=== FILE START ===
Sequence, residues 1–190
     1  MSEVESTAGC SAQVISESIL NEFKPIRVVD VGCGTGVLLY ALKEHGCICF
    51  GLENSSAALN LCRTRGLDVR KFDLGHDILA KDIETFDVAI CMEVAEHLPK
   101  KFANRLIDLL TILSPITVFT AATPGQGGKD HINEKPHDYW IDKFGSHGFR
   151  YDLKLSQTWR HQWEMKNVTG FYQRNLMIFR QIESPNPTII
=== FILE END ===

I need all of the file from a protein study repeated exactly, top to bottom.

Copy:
Sequence, residues 1–190
     1  MSEVESTAGC SAQVISESIL NEFKPIRVVD VGCGTGVLLY ALKEHGCICF
    51  GLENSSAALN LCRTRGLDVR KFDLGHDILA KDIETFDVAI CMEVAEHLPK
   101  KFANRLIDLL TILSPITVFT AATPGQGGKD HINEKPHDYW IDKFGSHGFR
   151  YDLKLSQTWR HQWEMKNVTG FYQRNLMIFR QIESPNPTII